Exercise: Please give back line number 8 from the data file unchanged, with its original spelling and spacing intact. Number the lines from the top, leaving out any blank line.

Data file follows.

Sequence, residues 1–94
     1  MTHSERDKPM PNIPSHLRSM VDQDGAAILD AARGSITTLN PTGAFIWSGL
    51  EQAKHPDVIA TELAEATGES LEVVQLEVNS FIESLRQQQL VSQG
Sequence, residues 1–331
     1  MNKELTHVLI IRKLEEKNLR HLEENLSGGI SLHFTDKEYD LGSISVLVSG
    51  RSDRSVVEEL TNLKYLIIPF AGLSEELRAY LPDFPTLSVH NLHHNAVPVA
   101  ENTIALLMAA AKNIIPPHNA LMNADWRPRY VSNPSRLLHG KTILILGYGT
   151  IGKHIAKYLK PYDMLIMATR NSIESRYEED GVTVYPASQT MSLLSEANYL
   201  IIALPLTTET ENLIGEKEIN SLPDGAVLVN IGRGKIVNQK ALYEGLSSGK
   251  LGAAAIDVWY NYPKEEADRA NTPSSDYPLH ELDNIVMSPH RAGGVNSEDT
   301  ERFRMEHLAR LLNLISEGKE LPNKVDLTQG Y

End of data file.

   151  IGKHIAKYLK PYDMLIMATR NSIESRYEED GVTVYPASQT MSLLSEANYL